He also excerpts Buckingham’s five universal human fears and needs that are relevant to leadership:

1) Fear of death (our own and our family’s) / The need for security
2) Fear of the outsider / The need for community.  We are herd animals, and we organize ourselves to keep the herd strong.
3) Fear of the future / The need for clarity. In every society, we give prestige to those who claim to be able to predict the future.
4) Fear of chaos / The need for authority. Every society has devised its own creation myth in which the world was created out of chaos. The need to classify things is universal. The reason creating democracy from autocracy is hard is that we dislike chaos and thus like strong leaders.
5) Fear of insignificance / The need for respect.

Assorted Pet Peeves

I recently met with a blog reader. She wanted more emotion on this blog. She said, "Get angry. Get pissed." OK guys. Get ready. My owner let me out of the cage. I’m angry. PISSED! I’ve been keeping a list of pet peeves. They’re not on the level of Things I Hate, but it’s a starting point. Here goes.


Experts suggest repeating the questioner’s first name when answering a question. I ask you a question, and you answer, "Ben, I think that…"

I don’t dispute that it’s a good technique when used sparingly. But it’s annoying as hell to hear this in excess. For a perfect example, check out the Marketplace interview between Tess Vigeland and Secretary of Treasury Henry Paulson. He begins his first three statements with "Tess." In all, he says "Tess" nine times in the course of the interview. One time he even said, "Tess, that’s a very good question." Double-whammy – never start an answer with "that’s a very good question"! Argh!


When otherwise rational people who do not believe in a higher power say: "Things happen for a reason." When I probe on this, they don’t mean that things happen for a reason due to basic cause and effect (I have to pee after drinking lots of water – I have to "pee for a reason"). They often mean it in some vague, karmic sense. You meet your future lover at a library one Tuesday evening and you say, "We met for a reason. Things happen for a reason." Well, yes, you met at the library because you both were researching for your dissertation – or whatever.

Either you believe in randomness generally and basic cause-and-effect of your actions, or you believe in some higher power (with a long, gray beard) animating the world. So what in the world do people mean when they fall in the middle of these two poles with "things happen for a reason"?


Saying "You know what I mean" does not help you communicate what you’re thinking. Sometimes it can work if you’re very confident that you’ve expressed a point and you don’t want to re-hash it, or it’s an obvious point. But some people say "Ya know what I mean?" as a substitute for actually saying something. Um, no, I don’t know what you mean, but I will once you tell me. Words exist for a reason: use them.


If I’m 15 steps away from the door, please don’t hold the door open for me. I can’t tell you how many times I’ve had to start jogging or fast-walking to get to the door out of guilt because you’re standing there holding the door for me. It’s not a big deal to open a door. So before you hold the door open, judge to see if the person is right behind you. If not, let the door close.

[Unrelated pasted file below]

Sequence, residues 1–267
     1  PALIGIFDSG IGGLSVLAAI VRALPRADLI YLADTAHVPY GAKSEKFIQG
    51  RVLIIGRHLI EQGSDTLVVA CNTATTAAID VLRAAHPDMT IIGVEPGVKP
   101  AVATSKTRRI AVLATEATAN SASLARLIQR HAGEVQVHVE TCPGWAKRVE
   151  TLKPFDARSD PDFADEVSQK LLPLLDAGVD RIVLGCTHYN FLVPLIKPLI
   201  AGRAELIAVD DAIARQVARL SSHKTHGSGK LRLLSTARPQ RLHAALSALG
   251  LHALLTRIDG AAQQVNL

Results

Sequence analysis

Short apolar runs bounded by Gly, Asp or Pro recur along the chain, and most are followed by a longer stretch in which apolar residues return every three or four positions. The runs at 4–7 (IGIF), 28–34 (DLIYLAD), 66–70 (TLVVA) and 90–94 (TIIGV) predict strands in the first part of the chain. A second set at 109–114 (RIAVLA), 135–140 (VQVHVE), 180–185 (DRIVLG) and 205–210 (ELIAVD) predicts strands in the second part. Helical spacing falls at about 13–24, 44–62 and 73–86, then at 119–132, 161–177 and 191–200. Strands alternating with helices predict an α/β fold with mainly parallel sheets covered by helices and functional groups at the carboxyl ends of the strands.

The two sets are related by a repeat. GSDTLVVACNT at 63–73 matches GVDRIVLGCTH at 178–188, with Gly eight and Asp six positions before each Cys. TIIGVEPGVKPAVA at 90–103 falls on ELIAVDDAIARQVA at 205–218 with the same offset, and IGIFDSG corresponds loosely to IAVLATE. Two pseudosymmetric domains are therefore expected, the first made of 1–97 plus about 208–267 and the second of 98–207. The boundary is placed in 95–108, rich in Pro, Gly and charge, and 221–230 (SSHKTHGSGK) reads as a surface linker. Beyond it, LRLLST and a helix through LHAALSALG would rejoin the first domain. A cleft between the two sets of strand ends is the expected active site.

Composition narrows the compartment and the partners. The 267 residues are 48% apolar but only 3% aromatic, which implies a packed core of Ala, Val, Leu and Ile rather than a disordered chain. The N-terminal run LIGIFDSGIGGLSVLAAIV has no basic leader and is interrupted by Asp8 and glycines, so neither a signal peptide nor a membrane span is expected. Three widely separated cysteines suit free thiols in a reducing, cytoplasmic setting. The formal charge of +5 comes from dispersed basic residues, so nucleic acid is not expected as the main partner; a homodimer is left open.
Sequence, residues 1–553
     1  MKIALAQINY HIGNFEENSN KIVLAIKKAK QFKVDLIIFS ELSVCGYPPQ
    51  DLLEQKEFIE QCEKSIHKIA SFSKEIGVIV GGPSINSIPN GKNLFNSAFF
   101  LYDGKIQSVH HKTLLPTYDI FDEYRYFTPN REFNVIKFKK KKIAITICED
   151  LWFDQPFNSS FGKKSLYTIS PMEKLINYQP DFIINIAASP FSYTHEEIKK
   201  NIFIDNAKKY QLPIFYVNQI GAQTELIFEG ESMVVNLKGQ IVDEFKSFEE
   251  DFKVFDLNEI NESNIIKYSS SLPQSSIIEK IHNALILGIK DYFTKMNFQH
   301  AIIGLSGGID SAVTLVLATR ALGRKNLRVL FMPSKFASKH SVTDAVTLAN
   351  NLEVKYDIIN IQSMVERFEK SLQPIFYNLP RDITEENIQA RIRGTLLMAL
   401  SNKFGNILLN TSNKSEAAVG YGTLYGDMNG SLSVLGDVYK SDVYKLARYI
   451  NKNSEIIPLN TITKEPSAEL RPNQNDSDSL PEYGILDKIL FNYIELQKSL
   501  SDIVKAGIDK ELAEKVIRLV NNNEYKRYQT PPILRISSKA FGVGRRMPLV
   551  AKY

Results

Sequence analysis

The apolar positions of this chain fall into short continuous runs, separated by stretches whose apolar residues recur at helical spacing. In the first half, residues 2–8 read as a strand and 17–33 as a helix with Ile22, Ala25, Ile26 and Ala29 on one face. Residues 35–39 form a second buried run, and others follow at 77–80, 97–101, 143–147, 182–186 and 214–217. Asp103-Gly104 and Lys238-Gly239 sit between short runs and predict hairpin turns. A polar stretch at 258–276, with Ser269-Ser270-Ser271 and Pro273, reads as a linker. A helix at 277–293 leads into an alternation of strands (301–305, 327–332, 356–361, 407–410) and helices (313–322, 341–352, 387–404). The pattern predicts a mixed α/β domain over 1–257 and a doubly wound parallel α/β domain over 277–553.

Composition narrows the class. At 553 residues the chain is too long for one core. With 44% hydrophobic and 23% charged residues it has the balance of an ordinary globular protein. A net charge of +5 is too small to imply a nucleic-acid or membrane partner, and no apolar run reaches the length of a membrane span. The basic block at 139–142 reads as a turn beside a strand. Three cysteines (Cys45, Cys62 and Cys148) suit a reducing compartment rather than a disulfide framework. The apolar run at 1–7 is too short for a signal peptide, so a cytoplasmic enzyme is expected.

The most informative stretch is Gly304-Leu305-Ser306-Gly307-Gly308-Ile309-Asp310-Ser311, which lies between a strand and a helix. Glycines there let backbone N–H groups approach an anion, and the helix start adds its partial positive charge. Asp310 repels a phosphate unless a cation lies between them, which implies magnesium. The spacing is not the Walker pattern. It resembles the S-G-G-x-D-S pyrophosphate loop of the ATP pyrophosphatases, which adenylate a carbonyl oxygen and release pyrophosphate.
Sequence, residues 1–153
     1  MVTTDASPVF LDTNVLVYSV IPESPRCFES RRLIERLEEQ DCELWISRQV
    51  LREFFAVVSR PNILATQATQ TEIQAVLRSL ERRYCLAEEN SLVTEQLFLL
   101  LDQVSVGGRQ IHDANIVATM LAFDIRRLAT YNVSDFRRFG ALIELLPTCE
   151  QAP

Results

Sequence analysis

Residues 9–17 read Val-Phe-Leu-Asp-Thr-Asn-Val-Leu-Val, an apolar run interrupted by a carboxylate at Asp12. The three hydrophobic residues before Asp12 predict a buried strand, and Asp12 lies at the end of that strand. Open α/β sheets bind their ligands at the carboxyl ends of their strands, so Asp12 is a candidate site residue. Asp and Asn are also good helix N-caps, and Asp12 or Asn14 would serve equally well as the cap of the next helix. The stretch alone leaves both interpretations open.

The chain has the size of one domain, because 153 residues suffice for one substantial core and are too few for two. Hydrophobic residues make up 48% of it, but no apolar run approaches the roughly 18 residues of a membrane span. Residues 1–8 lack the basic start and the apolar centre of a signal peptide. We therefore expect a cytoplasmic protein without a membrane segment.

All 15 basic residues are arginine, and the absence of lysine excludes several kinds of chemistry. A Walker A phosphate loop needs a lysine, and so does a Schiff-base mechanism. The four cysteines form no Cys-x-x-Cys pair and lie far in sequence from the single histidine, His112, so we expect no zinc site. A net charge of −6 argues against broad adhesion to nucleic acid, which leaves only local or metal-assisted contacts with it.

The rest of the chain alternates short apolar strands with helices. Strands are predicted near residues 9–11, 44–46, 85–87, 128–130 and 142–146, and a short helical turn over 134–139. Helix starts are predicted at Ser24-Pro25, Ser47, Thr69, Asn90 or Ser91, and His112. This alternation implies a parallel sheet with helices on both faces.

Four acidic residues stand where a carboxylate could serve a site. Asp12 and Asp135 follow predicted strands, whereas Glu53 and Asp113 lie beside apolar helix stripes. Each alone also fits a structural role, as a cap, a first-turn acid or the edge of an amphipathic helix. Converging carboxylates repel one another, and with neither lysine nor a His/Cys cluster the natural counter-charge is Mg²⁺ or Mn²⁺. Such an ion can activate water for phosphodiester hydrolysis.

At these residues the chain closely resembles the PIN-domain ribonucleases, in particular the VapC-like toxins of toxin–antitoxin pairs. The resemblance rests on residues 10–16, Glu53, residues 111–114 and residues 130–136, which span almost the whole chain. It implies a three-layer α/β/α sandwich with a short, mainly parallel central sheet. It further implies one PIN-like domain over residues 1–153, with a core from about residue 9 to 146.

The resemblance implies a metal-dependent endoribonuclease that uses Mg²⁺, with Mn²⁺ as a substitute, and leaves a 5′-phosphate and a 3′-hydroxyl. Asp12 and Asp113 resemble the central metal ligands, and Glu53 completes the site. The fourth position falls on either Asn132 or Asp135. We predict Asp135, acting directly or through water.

If you’re exercising in a gym full of other people, and everyone else is listening to an iPod or the equivalent, don’t blast a boombox! That’s rude. It’s harder to listen to an iPod when a boombox or other loud, non-headphone stereo-system is playing. Get a personal music device or else don’t listen to music — respect the music norms of the gym.


When two people are trying to make a decision and neither expresses a preference about logistics because they want to be fully deferential. Like, "Where do you want to grab lunch?" Both people say "I don’t care, your call." It’s astonishing how many times this circle of "indifference" can spin round and round. We get it: you want to accommodate the other person. But in the name of decisiveness: express a fucking preference and move on.

You Can’t Give Advice Until You’ve…

Thoroughly acknowledged the difficulties of their situation, acknowledged that they are very busy, etc. In other words, you need to actually listen to them and proactively appreciate them before you play the role of advice-giver.

A friend told me this today and it rang true.

Suppose you tell a busy person: "You should check out this museum — they have a great Asian Art exhibit." A busy person’s first quiet thought might be, "I’m a busy person, I can’t just go to museums whenever I want." He will discount your advice because you haven’t acknowledged a basic fact about his life.

Now suppose you preface your suggestion: "I know you’re really busy. But you should check out this museum — they have a great Asian Art exhibit." I would expect a higher follow-through rate.


Most people think they are busy. Many people annoyingly make a big deal out of how busy they are. Whether it’s self-delusion or reality, it’s important to acknowledge the busy-ness of those we work with — both verbally ("I know your time is valuable…") and in our actions. Chronic tardiness to meetings with other busy people is a sign of arrogance as it implies one does not respect the other people’s time.


The giving and receiving of advice has long fascinated me. Here’s my post on overvaluing advice when the problem is hard and undervaluing advice when the problem is easy. Here are more general thoughts of mine on the topic. Here’s my post on how disclosure of one’s bias doesn’t cancel out its effects — ie we don’t account for the bias of an advice-giver as much as we should, even when we know it’s there.